MISHNA: If, after the unintentional murderer’s verdict was decided and he was sentenced to exile, the High Priest died, he is not exiled, as the death of the High Priest exempts him from exile. If it was before his verdict was decided that the High Priest died and they appointed another in his place, and thereafter his verdict was decided, he returns from exile with the death of the second High Priest. If the verdict of a murderer was decided at a time when there was no High Priest, and likewise in the cases of one who unintentionally killed a High Priest and in the case of a High Priest who killed unintentionally, the unintentional murderer never leaves the city of refuge.

ואינו יוצא לא לעדות מצוה ולא לעדות ממון ולא לעדות נפשות ואפי' ישראל צריכים לו ואפי' שר צבא ישראל כיואב בן צרויה אינו יוצא משם לעולם שנאמר (במדבר לה, כה) אשר נס שמה שם תהא דירתו שם תהא מיתתו שם תהא קבורתו

And one who is exiled may not leave the city at all, either for testimony relating to a mitzva, or for testimony relating to monetary matters, or for testimony relating to capital matters. And even if the Jewish people require his services, and even if he is the general of the army of Israel like Joab ben Zeruiah, he never leaves the city of refuge, as it is stated: “And the congregation shall restore him to his city of refuge, that he fled there” (Numbers 35:25), from which it is derived: There shall be his dwelling, there shall be his death, there shall be his burial.

כשם שהעיר קולטת כך תחומה קולט רוצח שיצא חוץ לתחום ומצאו גואל הדם רבי יוסי הגלילי אומר מצוה ביד גואל הדם ורשות ביד כל אדם רבי עקיבא אומר רשות ביד גואל הדם וכל אדם חייבין עליו:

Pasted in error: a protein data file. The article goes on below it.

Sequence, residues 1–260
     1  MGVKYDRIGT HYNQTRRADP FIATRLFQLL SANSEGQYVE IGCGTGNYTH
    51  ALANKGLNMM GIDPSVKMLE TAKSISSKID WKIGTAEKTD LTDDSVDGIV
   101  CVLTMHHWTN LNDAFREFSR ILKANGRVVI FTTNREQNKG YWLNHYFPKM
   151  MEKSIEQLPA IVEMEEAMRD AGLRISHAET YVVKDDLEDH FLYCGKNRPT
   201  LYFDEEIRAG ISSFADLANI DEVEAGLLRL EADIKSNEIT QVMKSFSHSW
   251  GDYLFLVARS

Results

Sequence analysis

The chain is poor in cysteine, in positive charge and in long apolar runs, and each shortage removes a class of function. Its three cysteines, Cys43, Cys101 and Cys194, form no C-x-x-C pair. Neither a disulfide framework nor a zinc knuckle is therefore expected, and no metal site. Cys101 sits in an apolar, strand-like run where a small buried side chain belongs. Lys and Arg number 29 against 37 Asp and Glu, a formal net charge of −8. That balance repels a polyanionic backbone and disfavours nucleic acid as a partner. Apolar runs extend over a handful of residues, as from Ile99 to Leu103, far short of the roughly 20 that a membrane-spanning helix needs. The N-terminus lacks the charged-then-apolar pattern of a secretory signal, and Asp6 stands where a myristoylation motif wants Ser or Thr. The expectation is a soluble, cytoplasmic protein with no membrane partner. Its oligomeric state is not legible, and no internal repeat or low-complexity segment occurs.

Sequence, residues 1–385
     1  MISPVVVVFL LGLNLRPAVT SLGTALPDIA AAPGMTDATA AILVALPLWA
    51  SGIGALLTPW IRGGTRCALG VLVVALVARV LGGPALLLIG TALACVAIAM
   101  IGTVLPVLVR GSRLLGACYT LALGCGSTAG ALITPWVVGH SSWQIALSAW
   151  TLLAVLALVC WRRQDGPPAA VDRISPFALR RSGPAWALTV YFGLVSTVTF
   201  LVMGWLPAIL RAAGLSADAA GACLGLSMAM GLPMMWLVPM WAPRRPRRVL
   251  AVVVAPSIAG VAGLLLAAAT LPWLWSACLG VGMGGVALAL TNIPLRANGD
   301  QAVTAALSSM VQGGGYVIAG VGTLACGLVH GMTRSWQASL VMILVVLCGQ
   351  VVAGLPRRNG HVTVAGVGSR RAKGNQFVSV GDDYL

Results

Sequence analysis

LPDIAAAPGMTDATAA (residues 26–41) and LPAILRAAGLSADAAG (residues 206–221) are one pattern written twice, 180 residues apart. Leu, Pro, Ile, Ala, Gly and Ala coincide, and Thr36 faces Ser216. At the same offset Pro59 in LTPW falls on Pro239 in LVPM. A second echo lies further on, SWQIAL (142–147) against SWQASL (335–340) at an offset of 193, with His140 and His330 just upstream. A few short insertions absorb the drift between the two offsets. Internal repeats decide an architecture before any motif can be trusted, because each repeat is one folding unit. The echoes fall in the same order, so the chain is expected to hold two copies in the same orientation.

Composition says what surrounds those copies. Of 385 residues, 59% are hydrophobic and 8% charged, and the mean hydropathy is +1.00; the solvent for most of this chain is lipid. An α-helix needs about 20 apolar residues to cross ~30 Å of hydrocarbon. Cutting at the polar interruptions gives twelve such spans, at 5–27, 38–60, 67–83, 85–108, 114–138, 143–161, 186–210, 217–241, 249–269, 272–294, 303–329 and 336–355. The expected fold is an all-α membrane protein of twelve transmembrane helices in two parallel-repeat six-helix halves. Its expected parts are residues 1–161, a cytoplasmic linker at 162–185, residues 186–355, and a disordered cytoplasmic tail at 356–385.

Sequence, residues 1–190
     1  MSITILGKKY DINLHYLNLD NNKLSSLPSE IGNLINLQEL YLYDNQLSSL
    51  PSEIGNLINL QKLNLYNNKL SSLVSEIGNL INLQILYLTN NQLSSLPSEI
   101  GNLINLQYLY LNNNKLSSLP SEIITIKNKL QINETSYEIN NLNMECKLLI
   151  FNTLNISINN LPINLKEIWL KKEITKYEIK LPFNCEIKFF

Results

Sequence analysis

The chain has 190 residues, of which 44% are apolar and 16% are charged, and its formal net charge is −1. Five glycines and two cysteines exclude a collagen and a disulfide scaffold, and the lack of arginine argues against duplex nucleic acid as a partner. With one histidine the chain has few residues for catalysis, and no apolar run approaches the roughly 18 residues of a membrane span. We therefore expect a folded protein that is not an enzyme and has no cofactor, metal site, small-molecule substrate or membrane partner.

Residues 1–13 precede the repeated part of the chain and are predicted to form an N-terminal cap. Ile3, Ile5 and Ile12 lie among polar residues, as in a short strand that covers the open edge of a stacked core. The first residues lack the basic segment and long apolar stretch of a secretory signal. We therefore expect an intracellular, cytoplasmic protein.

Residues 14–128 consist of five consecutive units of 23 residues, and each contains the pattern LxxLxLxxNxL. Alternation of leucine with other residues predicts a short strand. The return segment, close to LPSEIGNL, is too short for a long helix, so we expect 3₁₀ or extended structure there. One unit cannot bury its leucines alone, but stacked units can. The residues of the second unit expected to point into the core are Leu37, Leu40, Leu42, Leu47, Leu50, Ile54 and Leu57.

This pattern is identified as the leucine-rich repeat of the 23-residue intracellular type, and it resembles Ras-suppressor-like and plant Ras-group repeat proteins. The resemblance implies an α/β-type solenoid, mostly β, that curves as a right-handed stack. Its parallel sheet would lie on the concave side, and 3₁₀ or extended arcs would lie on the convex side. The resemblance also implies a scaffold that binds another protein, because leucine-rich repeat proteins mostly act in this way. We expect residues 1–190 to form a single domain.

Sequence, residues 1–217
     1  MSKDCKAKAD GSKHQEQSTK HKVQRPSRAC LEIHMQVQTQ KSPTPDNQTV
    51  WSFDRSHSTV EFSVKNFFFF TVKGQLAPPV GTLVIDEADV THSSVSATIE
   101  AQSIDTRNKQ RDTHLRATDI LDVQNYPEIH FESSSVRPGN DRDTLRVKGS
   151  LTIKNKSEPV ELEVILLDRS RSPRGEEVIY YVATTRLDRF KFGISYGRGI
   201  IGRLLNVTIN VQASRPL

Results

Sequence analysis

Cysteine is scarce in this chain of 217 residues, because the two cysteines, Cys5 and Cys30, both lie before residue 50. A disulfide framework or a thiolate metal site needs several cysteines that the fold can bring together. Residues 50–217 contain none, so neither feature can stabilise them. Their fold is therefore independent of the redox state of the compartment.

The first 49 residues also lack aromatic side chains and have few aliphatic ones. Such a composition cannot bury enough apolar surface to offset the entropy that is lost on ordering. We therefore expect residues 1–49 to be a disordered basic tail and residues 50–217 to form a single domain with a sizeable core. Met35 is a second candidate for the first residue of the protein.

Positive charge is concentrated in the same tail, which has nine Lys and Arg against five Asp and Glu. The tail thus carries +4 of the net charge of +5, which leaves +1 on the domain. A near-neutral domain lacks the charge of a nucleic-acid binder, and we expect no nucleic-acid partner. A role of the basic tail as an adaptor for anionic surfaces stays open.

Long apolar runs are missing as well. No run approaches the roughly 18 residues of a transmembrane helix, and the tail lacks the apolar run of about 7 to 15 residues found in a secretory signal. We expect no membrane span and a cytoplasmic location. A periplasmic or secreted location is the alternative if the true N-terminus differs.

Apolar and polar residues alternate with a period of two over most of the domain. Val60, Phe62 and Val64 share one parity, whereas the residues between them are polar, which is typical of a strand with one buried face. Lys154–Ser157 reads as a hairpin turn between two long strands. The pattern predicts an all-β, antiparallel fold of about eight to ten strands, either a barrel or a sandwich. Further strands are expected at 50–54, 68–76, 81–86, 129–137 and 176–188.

The mishna continues: Just as an unintentional murderer is admitted to the city of refuge, so is he admitted to its outskirts, located within the Shabbat boundary. Once he entered the outskirts of the city, the blood redeemer may not kill him. In a case where a murderer emerged beyond the Shabbat boundary of the city of refuge and the blood redeemer found him there, Rabbi Yosei HaGelili says: It is a mitzva for the blood redeemer to kill him, and it is optional for every other person to do so. Rabbi Akiva says: It is optional for the blood redeemer, and every other person is liable for killing him.

גמ׳ מ"ט אמר אביי ק"ו ומה מי שגלה כבר יצא עכשיו מי שלא גלה אינו דין שלא יגלה ודלמא האי דגלה איכפר ליה האי דלא גלה לא מידי גלות קא מכפרא מיתת כהן הוא דמכפרא:

GEMARA: The mishna teaches: If after the unintentional murderer’s verdict was decided and he was sentenced to exile, the High Priest died, the unintentional murderer is not exiled. The Gemara asks: What is the reason for this? Abaye says: It is derived through an a fortiori inference: If one who was already exiled now emerges with the death of this High Priest, with regard to one who was not yet exiled, is it not right that he should not be exiled? The Gemara rejects this reasoning: And perhaps with regard to this one, who was already exiled, his sin was atoned for by his exile, and therefore the death of the High Priest facilitates his return, but that one, who was not yet exiled, no, his sin was not atoned for and the death of the High Priest should not prevent his exile. The Gemara rebuts: Is it his exile that atones for his sin? It is the death of the High Priest that atones for his sin, and the High Priest died.

אם עד שלא נגמר דינו וכו': מנא הני מילי אמר רב כהנא דאמר קרא (במדבר לה, כה) וישב בה עד מות הכהן הגדול אשר משח אותו בשמן הקדש וכי הוא מושחו אלא זה שנמשח בימיו

The mishna teaches: If it was before his verdict was decided that the High Priest died and they appointed another in his place, and thereafter his verdict was decided, he returns with the death of the second High Priest. The Gemara asks: From where are these matters derived? Rav Kahana said that they are derived from a verse, as the verse states: “And he shall dwell there until the death of the High Priest, whom he anointed with the sacred oil” (Numbers 35:25). Now is it the unintentional murderer who anoints the High Priest? Rather, the reference is to that High Priest who was anointed during his days, after he committed the unintentional murder.